Some Thoughts on Box Hinges

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Blog entry by RogerBean posted 06-16-2011 08:32 PM 27143 reads 18 times favorited 16 comments Add to Favorites Watch

Box hinges are always a problem.

Hingeing is the nemesis of all box makers. We all get a little twinge when it comes time to fit the hinges. We generally have a lot of work invested by the time we get to the hinges, and a slip here can make a real mess of many hours work. And, I am no different. When it’s possible to spend $100 on hinges and a lock for a single box, picking the right ones for your box project is worth a little time. Perhaps this will help a little for anyone struggling with the question of hinges. I’m going to focus only on hinges in this blog. Perhaps some thoughts on locks another time.

First Rule: select and buy the hinges before you begin the box. Nothing is worse than trying to fit a too-large hinge, and as little as 1/64th too large will look terrible, and cause you no end of grief. If you don’t want to keep an inventory of different hinges on hand, buy the hinges first, then make the box.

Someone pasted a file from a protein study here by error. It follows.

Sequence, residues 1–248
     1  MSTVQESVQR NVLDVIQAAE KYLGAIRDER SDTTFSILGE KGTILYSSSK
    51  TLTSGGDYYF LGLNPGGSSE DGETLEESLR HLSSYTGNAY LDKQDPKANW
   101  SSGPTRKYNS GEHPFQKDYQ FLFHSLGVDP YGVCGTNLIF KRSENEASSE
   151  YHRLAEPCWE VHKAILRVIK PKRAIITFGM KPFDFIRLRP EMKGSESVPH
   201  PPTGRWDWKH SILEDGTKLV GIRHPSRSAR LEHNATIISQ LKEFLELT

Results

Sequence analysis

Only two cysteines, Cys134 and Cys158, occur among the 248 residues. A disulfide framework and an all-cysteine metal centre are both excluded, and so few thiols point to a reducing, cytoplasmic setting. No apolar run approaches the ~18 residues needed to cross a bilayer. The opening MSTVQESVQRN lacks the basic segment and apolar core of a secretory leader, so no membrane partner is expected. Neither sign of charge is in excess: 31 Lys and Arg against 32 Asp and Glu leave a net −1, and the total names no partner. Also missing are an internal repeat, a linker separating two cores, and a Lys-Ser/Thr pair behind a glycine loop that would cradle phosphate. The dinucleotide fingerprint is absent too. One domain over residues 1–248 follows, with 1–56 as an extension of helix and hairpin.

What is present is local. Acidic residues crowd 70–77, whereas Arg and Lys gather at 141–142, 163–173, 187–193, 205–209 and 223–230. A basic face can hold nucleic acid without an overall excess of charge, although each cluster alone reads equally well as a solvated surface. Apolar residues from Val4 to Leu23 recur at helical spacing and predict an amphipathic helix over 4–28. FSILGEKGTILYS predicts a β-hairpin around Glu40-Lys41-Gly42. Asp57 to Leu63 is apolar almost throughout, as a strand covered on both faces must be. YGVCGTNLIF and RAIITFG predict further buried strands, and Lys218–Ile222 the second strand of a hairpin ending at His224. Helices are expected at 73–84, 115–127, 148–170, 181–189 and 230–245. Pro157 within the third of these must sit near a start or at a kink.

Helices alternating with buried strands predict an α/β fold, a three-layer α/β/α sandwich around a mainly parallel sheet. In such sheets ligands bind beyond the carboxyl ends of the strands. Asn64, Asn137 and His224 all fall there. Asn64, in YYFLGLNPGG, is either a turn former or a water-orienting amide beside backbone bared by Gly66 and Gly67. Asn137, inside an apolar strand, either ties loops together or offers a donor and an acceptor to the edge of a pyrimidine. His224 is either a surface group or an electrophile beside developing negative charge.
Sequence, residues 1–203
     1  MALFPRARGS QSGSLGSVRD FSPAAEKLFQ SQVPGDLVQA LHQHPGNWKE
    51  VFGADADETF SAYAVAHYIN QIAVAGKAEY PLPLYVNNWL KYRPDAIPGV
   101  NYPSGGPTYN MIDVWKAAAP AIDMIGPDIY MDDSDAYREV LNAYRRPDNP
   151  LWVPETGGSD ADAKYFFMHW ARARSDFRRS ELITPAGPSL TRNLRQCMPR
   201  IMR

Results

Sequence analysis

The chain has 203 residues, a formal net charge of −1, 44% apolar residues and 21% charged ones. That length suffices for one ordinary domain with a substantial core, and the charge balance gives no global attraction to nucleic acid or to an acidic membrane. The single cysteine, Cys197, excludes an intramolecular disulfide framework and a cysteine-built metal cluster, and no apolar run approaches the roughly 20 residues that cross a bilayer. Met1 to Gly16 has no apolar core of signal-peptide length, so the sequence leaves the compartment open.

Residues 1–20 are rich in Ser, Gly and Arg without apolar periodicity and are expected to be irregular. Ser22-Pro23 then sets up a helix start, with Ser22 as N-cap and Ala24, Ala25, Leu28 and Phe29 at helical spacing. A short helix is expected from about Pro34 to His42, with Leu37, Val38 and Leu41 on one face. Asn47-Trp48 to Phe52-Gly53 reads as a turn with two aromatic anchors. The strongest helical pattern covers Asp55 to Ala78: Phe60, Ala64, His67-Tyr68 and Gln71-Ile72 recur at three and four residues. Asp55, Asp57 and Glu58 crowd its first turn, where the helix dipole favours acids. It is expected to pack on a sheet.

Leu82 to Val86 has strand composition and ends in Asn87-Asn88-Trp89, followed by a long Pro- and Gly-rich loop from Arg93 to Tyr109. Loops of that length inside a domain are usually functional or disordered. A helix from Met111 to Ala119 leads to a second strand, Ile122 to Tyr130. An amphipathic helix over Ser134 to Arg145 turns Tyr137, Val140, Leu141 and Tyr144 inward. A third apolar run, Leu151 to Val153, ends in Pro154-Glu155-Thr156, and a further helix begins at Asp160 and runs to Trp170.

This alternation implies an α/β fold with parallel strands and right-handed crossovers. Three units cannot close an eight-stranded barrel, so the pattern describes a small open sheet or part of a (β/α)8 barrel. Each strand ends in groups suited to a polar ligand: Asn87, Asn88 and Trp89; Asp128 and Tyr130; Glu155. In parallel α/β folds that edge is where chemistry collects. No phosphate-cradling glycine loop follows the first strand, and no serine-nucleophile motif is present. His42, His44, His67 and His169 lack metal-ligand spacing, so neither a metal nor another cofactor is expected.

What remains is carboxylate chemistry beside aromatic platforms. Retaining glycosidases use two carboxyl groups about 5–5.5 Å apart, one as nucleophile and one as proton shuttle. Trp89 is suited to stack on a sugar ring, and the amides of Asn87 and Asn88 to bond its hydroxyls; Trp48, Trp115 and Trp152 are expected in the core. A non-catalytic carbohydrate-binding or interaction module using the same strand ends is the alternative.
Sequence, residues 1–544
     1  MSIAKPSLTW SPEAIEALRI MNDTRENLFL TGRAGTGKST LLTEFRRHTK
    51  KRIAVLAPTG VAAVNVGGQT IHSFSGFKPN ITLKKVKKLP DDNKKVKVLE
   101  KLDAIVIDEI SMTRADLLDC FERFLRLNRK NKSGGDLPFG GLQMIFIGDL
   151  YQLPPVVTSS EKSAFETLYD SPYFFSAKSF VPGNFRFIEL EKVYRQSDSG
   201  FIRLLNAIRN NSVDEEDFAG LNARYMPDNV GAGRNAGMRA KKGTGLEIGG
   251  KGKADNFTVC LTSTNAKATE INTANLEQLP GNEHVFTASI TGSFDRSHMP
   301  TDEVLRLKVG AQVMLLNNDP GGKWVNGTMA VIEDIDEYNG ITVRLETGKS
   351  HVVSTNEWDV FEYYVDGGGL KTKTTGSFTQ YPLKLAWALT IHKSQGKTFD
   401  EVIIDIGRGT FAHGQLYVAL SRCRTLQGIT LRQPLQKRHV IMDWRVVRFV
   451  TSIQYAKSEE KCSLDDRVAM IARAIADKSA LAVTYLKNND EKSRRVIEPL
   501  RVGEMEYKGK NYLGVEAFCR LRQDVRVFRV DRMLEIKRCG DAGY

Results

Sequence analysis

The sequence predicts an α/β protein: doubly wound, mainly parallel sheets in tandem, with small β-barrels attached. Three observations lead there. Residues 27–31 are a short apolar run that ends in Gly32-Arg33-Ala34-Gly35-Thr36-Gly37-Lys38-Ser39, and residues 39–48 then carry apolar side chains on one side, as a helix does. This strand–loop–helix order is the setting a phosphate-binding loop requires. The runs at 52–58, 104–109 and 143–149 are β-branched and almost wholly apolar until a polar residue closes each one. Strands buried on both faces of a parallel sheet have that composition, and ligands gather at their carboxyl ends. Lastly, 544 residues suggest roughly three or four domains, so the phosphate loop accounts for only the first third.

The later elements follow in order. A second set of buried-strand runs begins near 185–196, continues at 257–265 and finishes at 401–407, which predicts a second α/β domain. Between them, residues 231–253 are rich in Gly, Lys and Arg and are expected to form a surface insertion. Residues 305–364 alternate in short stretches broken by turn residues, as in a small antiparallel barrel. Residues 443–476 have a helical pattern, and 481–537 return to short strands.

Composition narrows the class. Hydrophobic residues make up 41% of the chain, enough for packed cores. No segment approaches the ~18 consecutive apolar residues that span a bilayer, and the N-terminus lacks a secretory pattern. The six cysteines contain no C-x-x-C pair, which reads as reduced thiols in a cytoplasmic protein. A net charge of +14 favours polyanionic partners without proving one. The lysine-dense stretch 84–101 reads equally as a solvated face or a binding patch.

Second rule: Don’t treat the hinge-fitting casually. I’ve learned this the hard way. I now take the time to get my router table set-up absolutely perfect before I cut. I always make one or more test cuts on scrap before I reach for the box. If I’m to fit the hinges by hand, then get the set-up absolutely perfect before you mark and cut. Tape the hinges in first and work the lid. Check the alignment. Great care is the only way to avoid a misaligned lid or unsightly gaps around the hinge. Take your time.

Selecting hinges: Here are the ones I know about.

There are a number of hinges readily available to the box maker, and the choice of hinges will go a long way in deciding the final result. The best rule of thumb is to start with the best hinges (and locks) that you can justify. Of course, if you’re making a box to sell for $40 or $50 at craft shows, you have few choices. Anything other than the 50 cent stamped butt hinges (or a nail/pin hinge) and you’re probably working for nothing.

Butt Hinges: